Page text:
Article Text

Download PDFPDF
Percutaneous transluminal angioplasty in a patient with vasospasm secondary to coccidioidal meningitis: case report and review of the literature


Introduction Coccidioidomycosis is secondary to infection with fungal species Coccidioides immitis or Coccidioides posadasii. One consequence of extrapulmonary coccidioidomycosis dissemination is meningitis, which is associated with high rates of morbidity and mortality if left untreated. Intracranial vasospasm, although rarely described, can occur and may be a result of vasculitic or subacute fibrotic changes. We describe a case of successful percutaneous transluminal angioplasty (PTA) in a patient with severe vasospasm related to coccidioidal meningitis. This is the first report of this endovascular treatment used to treat coccidioidal vasospasm.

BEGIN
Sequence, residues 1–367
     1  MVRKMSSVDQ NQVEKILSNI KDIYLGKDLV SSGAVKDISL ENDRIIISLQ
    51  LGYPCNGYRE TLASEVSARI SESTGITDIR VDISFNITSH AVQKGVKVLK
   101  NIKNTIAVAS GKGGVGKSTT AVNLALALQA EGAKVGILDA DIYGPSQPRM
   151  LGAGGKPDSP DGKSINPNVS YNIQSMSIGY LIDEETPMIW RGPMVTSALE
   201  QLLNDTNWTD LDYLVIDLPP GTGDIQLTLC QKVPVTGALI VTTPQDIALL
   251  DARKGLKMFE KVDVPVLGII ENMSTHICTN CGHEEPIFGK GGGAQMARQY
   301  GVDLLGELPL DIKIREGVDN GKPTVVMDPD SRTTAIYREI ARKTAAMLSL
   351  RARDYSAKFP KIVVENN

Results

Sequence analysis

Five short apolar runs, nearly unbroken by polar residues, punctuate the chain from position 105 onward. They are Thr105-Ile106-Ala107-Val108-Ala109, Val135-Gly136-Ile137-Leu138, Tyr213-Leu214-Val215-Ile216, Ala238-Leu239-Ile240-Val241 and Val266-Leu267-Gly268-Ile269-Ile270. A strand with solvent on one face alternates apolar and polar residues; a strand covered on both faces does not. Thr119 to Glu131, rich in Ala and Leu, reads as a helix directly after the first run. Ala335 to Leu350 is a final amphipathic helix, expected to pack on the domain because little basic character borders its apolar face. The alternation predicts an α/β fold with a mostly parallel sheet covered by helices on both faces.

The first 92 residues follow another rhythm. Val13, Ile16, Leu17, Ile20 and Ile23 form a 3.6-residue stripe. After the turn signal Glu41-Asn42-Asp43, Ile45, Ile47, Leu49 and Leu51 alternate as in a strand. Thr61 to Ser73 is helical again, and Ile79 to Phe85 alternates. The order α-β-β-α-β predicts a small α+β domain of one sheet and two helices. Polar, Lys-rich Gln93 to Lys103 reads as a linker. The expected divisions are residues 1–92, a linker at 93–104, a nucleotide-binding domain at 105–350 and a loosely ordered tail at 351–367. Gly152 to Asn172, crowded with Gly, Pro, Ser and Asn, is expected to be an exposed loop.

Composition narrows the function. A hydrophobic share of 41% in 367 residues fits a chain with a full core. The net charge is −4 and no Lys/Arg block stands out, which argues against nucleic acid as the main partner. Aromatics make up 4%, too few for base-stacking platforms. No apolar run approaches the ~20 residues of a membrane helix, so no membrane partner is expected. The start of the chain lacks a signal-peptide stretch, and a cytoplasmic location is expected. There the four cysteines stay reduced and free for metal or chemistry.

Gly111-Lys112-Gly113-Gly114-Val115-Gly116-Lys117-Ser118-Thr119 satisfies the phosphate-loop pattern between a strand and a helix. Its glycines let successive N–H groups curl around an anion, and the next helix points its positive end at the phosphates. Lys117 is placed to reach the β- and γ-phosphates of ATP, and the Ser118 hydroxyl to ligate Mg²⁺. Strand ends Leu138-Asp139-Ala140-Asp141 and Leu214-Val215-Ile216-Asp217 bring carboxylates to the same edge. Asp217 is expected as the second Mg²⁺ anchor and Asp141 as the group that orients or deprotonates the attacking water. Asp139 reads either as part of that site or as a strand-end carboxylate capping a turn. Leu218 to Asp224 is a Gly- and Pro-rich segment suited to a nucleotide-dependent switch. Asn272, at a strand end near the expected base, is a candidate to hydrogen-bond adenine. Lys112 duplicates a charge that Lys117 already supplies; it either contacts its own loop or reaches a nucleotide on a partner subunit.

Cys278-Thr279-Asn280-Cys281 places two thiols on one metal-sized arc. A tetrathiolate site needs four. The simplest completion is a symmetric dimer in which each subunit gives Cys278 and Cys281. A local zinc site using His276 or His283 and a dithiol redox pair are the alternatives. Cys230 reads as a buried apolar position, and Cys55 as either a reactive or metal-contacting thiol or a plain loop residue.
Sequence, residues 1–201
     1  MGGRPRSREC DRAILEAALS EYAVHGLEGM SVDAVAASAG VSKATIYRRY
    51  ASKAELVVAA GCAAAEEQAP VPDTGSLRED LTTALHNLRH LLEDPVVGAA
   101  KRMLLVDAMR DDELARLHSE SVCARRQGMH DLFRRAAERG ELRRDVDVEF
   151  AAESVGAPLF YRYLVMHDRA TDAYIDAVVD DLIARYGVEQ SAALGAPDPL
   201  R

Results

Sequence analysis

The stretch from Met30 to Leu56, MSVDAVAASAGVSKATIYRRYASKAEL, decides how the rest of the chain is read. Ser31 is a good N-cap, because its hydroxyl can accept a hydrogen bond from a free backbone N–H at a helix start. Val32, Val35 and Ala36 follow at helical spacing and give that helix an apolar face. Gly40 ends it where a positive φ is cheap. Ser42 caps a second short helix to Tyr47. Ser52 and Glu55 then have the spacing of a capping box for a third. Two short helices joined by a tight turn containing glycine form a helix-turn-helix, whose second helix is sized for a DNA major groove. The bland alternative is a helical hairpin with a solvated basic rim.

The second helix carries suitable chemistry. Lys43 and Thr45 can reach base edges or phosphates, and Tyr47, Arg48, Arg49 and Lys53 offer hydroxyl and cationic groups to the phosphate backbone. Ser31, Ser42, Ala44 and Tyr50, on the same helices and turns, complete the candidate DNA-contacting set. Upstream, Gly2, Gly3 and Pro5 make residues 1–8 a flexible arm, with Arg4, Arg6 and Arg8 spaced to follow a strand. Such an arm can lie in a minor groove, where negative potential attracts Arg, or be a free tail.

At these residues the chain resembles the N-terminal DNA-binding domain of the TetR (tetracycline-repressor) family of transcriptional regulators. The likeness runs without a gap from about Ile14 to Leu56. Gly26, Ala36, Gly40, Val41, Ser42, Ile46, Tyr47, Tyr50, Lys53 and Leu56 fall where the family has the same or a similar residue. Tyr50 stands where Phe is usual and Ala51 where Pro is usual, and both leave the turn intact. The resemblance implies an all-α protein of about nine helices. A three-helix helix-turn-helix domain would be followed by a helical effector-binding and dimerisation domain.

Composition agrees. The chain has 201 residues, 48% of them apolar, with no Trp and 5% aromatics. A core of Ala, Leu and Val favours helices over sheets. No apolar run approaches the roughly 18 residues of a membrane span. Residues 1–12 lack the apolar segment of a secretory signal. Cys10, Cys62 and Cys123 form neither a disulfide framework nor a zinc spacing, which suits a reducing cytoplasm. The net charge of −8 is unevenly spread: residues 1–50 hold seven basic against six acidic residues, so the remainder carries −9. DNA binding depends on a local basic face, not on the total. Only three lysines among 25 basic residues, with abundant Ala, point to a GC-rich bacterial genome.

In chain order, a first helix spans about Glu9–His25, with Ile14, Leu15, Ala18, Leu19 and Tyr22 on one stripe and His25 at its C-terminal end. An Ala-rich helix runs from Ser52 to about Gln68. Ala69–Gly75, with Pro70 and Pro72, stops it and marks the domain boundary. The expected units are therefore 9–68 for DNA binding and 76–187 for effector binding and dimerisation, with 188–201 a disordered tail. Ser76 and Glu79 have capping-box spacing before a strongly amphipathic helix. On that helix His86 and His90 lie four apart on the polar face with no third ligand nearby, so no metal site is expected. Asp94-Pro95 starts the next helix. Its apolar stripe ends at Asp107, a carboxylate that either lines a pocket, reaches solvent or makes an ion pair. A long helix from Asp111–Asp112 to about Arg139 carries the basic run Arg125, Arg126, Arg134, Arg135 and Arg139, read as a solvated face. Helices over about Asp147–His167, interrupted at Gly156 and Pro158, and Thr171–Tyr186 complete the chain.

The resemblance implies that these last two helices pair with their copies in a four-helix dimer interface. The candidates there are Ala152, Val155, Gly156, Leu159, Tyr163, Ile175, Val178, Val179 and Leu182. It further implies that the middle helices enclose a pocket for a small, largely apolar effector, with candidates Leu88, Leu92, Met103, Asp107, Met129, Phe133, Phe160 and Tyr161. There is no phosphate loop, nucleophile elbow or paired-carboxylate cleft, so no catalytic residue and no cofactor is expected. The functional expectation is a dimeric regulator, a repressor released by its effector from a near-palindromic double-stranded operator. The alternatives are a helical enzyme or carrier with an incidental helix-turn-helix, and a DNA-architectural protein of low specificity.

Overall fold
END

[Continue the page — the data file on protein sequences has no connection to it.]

Clinical presentation A patient with a history of pulmonary coccidioidomycosis presented with acute confusion, blurry vision and headache. Serology confirmed basilar meningitis and magnetic resonance angiography demonstrated severe symptomatic vasospasm.

Intervention Emergent cerebral angiography confirmed severe vasospasm in the right middle cerebral artery and moderate vasospasm in the left middle cerebral artery. Successful PTA was performed under general anesthesia. The patient demonstrated postprocedural angiographic and clinical improvement.

Conclusion We report the first case of successful PTA performed to treat vasospasm related to coccidioidal meningitis. When vasospasm is clinically symptomatic, PTA is a safe and feasible procedure.

  • Coccidioidal meningitis
  • vasospasm
  • angioplasty
  • brain
  • meninges
  • infection
  • inflammation
  • angioplasty

Statistics from

Request Permissions

If you wish to reuse any or all of this article please use the link below which will take you to the Copyright Clearance Center’s RightsLink service. You will be able to get a quick price and instant permission to reuse the content in many different ways.